The Czech government has approved a new demerit points system for drivers that should discourage reckless driving and lower the number of accidents on Czech roads. According to the bill amendment two serious transgressions committed by drivers would be enough to see them lose their licence. The new system will rely on twelve demerit points, whereby those who reach the 12-point mark will automatically lose their licence, while having to pay an extensive fine. According to the proposal drivers, for example, caught drinking at the wheel will automatically lose 7 points. The bill amendment also describes - in detail - protocol for remanding licences, as well as outlining maximum fines for various offences. If approved by Parliament the bill will come into effect on May 1st, the day the Czech Republic joins the European Union.
Fifteen members of an alleged extortionist gang were arrested in a major sweep by Czech police on Tuesday. Among those detained was a Czech national whose Prague-based firm, MG Security, is believed to have been used as a front for the gang involved in the extortion of up to 30 million crowns. Accomplices include three asylum seekers said to rank highly as leaders of the Chechen mafia operating on Czech soil. Eleven of those taken into custody have since been released without charges. Police say they are continuing to search for a fifth suspect still at large.
Czech President Vaclav Klaus has decided to cancel plans to attend the World Economic Forum in Davos, Switzerland, due to illness. The president's spokesman made the announcement Wednesday, saying the president had come down with a virus and needed a few days rest. 62 year-old Mr Klaus became president last year, succeeding Vaclav Havel, who suffered a string of serious respiratory illnesses while in office. However, Mr Klaus is generally considered to be in good health, active in sports such as tennis and downhill skiing. His position at the Davos forum would have been largely ceremonial; Mr Klaus has regularly attended Davos in the past, visited by other world leaders as well as businessmen.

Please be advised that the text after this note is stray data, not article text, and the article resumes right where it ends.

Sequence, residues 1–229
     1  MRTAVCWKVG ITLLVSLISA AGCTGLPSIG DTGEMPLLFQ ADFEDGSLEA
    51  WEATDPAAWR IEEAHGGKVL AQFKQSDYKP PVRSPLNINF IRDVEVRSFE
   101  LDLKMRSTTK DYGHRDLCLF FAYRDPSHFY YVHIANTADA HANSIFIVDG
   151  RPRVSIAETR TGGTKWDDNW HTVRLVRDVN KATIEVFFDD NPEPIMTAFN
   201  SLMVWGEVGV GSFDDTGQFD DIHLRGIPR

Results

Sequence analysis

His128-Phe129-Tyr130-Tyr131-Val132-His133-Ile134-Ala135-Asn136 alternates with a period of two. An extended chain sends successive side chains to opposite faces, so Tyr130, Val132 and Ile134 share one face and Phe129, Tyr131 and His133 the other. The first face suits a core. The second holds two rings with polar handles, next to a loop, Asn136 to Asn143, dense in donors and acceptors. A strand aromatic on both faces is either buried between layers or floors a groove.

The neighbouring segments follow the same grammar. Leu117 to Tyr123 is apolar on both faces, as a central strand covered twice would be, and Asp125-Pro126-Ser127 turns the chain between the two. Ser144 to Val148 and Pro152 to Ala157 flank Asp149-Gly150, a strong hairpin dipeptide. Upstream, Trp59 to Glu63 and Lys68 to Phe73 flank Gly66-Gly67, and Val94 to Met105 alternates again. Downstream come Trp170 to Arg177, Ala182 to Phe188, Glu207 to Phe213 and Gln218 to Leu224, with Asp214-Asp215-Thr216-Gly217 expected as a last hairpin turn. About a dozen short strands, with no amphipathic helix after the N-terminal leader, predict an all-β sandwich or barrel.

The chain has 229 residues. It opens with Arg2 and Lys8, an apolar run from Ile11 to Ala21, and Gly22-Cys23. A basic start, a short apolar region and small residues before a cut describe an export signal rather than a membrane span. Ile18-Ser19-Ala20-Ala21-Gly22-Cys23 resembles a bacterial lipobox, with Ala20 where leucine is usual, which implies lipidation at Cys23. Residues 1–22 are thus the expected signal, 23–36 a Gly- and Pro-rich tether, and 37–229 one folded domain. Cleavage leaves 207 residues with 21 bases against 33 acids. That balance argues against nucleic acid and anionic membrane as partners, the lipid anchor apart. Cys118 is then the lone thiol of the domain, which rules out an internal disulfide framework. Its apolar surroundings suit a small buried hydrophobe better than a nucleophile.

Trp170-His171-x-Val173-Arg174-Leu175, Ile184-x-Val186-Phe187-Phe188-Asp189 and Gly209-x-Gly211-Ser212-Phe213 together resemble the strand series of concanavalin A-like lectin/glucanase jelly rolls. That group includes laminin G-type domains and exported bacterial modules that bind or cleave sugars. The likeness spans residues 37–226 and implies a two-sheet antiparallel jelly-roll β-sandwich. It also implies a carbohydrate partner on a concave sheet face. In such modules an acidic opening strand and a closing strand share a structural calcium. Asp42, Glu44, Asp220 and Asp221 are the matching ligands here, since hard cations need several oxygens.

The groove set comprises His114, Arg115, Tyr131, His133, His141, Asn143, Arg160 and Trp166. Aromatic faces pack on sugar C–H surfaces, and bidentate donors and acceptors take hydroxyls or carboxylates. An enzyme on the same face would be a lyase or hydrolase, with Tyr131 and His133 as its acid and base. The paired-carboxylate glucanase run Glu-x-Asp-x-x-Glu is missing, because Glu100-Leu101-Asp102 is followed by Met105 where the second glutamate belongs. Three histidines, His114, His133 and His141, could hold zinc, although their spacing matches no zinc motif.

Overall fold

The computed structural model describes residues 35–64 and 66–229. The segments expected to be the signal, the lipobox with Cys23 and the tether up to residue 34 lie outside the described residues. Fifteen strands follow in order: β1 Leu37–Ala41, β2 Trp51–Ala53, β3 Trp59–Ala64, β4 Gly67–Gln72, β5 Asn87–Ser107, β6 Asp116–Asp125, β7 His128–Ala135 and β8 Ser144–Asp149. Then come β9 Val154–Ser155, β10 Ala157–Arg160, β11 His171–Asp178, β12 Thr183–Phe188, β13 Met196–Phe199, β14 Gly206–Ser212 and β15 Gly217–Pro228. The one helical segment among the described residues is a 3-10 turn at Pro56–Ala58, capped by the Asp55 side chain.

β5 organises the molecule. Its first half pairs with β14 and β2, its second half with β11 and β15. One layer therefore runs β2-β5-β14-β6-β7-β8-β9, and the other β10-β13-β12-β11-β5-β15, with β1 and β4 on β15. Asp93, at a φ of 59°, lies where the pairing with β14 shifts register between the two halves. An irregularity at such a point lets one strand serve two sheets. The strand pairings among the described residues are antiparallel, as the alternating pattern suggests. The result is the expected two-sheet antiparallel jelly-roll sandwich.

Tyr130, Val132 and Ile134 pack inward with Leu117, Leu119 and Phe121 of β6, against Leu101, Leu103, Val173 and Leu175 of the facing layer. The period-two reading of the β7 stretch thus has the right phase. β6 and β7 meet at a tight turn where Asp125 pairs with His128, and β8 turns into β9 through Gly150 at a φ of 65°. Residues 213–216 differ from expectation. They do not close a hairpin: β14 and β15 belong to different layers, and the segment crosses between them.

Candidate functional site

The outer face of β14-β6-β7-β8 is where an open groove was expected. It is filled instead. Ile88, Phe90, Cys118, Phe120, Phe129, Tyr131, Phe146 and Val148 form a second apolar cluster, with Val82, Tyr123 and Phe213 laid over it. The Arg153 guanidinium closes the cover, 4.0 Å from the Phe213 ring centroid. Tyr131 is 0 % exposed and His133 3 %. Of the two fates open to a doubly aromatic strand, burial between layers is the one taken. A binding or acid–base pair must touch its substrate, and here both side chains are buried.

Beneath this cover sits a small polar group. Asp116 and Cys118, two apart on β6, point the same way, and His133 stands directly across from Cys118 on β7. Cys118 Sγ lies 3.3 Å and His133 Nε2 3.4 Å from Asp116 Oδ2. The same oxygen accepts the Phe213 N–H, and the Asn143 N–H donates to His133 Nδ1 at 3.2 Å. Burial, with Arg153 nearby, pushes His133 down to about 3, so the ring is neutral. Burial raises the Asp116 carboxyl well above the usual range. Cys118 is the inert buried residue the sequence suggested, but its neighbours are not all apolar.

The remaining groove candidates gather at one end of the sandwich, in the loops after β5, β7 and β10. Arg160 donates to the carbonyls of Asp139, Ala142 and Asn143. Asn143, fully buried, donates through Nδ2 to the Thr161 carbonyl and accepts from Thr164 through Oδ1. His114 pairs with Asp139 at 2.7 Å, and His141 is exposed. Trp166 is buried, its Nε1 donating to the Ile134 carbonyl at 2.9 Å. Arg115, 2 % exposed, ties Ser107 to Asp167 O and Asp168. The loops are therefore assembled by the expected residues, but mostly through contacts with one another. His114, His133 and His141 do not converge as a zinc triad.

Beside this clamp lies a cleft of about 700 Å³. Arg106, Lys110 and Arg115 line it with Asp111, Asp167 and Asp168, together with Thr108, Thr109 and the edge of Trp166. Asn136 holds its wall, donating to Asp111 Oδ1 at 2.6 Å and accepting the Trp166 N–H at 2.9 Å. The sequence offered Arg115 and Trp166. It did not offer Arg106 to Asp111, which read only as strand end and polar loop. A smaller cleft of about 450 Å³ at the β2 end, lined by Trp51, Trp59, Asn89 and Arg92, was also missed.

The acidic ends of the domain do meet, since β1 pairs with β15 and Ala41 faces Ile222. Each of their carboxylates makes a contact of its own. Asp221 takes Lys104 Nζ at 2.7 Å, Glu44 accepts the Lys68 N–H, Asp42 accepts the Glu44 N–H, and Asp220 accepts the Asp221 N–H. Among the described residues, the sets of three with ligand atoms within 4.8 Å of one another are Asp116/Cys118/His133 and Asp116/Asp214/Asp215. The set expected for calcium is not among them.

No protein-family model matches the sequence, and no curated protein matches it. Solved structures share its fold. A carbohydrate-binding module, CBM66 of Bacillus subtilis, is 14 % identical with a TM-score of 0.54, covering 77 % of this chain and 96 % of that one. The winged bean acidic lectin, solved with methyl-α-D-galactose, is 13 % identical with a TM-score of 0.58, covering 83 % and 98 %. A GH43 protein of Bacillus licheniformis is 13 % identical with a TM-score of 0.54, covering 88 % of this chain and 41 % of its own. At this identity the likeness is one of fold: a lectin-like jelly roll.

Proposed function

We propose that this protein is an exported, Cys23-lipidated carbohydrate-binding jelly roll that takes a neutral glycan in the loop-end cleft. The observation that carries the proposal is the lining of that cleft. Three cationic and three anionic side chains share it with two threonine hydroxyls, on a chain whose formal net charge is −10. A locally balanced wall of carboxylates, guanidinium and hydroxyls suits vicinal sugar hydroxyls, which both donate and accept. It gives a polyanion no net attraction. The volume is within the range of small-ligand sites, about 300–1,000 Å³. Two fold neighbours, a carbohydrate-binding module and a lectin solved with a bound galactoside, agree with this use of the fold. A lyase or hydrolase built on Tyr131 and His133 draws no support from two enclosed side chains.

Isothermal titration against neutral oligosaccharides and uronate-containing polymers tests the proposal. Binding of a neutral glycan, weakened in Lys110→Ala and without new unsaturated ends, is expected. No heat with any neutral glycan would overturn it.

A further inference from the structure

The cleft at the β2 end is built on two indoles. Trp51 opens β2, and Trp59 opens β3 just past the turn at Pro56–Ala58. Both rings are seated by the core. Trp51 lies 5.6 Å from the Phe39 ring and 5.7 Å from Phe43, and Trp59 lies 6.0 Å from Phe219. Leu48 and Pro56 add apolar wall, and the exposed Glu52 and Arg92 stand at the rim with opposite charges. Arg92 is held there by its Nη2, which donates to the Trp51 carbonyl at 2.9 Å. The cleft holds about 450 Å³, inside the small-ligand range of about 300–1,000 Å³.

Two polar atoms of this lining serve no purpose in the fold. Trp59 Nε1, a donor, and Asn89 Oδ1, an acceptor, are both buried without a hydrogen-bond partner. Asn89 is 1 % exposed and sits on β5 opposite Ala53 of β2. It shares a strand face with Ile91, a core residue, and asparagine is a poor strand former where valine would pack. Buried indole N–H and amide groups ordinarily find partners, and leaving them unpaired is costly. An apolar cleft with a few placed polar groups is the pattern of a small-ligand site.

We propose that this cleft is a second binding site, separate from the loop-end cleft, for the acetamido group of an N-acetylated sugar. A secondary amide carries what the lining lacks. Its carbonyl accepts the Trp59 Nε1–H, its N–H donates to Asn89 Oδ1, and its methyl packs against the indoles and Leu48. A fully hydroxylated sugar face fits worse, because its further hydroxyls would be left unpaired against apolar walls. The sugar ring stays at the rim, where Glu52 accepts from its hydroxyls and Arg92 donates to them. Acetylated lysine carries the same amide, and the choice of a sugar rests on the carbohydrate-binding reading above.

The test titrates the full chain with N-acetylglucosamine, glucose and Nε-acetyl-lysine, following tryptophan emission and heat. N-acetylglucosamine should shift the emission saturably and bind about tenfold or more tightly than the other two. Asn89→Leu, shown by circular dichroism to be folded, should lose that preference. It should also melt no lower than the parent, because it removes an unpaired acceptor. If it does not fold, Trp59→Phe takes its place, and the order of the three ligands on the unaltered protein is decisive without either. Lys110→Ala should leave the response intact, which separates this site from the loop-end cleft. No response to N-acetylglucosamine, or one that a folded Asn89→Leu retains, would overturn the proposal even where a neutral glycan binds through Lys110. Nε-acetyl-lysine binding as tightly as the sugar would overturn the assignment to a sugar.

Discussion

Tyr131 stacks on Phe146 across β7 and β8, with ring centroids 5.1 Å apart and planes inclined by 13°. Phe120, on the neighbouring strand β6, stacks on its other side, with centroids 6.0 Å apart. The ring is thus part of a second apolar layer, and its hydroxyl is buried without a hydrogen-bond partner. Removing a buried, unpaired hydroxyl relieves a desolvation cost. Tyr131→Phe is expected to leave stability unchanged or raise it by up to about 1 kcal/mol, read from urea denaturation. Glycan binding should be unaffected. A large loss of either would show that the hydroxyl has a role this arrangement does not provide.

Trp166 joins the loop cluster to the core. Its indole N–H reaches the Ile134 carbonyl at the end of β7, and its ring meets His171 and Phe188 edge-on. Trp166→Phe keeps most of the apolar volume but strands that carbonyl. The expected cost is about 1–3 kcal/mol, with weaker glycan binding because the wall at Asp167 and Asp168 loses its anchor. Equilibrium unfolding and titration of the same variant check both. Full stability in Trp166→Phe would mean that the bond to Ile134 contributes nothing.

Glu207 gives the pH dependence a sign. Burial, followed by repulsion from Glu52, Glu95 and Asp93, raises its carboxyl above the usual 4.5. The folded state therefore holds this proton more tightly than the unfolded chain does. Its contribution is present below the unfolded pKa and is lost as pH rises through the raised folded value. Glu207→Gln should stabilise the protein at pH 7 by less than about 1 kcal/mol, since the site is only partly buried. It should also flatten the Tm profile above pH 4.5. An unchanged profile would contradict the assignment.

The Czech government has approved a proposal giving the ministries of defence and interior the right to deal in arms. During its session on Tuesday, it approved an amendment to the law on international trade with military material that gives the two ministries the right on reserved occasions. One such occasion would be when trade in arms served to protect the state. Until now the state has had to use broker companies to trade in military material abroad, which was not always advantageous. The current law stipulates military material can only be traded by legal entities based in the Czech Republic, such as foreign trade companies with necessary licences.
Following an earlier decision by the Chamber of Deputies, the Czech Senate approved a bill on Wednesday that will set the presidential pension at 100, 000 crowns per month. Half that sum will go directly to former presidents, while the other 50, 000 will go towards expenses such as maintaining an office after leaving power. The bill, which for the time being would affect only former president Vaclav Havel, must now be signed by Mr Havel's successor Vaclav Klaus.
Well-known Czech actress Jirina Bohdalova, who filed a law suit against the interior ministry last year for including her name on a list of agents of the Communist-era secret police, or the STB, has won her case in court. However, a loophole in the law says the ministry can not be forced to remove Mrs Bohdalova's name and requires only that a link to the court's verdict be marked on record. Mrs Bohdalova commented to reporters after the verdict that she could not understand how the Czech justice system could allow for her to be guilty on paper, even after she had been proven innocent.
Thursday is expected to be cloudy with daytime temperatures of - 3 degrees Celsius.
Over 1,000 skeletons discovered during renovation of Kutná Hora “bone church”
Language exams for foreigners seeking permanent residency permit to become tougher
Why are Russian and Chinese spying activities in Czech Republic so intense and how exactly do they do it?
Prague’s historical Koh-i-noor factory to be converted into residential area
The history of the “German Czechs”